I'll admit, I've never used a pen tablet before. I guess, in that respect, I'm Wacom's target customer. Its new line of multitouch-enabled tablets are designed and priced for budget-minded consumers, and unlike many of its more professional brethren, Wacom aims for a look that's simpler than ever before.
The Pen and Touch tablet lineup actually consists of a number of new Wacom models, and they're priced and featured as follows:
The Wacom Bamboo Pen and Touch CTH460 ($99 list) comes in black, and has both multitouch and pen capabilities. It has a 4.9 x 3.4 inch active touch area, and a 5.8 x 3.6 inch active pen area. It includes with Adobe Photoshop Elements and Nik Color Efex Pro software.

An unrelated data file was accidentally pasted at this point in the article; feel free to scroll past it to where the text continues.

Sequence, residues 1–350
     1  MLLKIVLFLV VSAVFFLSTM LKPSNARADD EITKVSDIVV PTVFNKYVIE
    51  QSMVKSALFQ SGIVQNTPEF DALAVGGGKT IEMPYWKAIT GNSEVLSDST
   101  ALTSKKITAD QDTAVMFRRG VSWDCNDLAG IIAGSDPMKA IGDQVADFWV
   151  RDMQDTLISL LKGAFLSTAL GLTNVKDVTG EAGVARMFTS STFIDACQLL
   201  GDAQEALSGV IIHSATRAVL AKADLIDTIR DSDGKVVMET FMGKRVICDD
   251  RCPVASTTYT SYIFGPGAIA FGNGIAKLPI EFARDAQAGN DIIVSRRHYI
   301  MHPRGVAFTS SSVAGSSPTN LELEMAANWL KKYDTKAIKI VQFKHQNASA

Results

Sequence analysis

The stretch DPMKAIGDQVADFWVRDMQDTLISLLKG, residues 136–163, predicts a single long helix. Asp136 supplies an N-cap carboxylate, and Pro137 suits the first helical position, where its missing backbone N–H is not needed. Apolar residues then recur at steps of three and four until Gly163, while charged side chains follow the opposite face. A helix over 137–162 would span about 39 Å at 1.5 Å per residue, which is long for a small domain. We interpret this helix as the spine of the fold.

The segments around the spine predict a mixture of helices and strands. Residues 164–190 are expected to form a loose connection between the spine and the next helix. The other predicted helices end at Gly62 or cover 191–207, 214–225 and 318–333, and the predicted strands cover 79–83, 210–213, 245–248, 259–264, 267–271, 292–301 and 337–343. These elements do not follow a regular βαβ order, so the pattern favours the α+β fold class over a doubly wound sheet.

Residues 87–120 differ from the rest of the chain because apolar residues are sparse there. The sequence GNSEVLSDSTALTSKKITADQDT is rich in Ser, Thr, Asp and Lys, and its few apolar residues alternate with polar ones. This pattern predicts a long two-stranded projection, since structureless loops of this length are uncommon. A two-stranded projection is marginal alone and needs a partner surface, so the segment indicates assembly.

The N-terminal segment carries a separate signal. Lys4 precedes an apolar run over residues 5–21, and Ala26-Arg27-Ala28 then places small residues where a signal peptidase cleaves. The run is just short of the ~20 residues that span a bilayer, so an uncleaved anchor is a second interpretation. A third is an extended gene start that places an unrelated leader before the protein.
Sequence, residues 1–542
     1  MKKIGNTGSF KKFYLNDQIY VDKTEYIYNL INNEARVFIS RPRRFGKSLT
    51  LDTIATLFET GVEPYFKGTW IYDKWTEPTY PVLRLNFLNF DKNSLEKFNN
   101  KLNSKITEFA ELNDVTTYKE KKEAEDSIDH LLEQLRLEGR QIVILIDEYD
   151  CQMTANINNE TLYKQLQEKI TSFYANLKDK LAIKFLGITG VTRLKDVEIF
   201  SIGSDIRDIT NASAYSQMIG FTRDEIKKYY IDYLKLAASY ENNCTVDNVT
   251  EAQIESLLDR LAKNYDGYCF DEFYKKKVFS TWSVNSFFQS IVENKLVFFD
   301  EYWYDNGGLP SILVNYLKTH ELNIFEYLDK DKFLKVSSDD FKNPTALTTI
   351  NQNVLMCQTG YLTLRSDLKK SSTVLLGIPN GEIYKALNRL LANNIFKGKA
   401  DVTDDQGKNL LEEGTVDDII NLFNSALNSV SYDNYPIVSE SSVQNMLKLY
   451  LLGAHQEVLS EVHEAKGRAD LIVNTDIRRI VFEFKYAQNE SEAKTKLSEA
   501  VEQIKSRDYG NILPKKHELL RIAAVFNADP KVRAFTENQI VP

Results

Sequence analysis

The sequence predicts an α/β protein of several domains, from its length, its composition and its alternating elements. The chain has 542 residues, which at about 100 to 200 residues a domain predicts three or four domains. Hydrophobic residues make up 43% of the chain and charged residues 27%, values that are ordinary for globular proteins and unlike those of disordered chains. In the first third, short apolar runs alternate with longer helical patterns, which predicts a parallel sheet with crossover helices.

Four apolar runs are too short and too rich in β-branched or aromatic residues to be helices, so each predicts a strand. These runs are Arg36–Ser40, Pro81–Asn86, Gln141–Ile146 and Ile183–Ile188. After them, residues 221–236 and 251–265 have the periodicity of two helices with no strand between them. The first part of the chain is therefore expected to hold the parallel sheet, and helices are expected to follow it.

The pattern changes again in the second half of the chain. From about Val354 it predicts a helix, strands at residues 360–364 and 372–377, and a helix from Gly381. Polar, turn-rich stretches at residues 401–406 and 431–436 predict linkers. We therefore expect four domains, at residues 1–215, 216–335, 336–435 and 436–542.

The Wacom Bamboo Touch CTT460 ($69) is exactly the same form factor as the Pen and Touch, but only has touch input.
The Wacom Bamboo Pen CTL460 ($69) comes in black, but only has pen input. It has a 5.8 x 3.6 inch active pen area, and the package includes Corel Painter Essentials 4.
The Wacom Bamboo Craft CTH461 ($129) is designed as a bundle for arts and crafts and scrapbooking types. It has the same size pen and touch tablet, but in silver instead of black. It also comes packaged with painting and photo editing software as well as scrapbooking tutorials, a subscription to Scrapbooking & Beyond magazine, and a library of craft embellishments.
The Wacom Bamboo Fun Pen and Touch CTH661 ($199, reviewed here) also has multitouch and pen input, but comes in silver and is larger (7.5 x 5.1 inches for touch input, 8.5 x 5.4 inches for pen). It's packaged with Corel Painter Essentials 4, Adobe Photoshop Elements, and Nik Color Efex Pro software.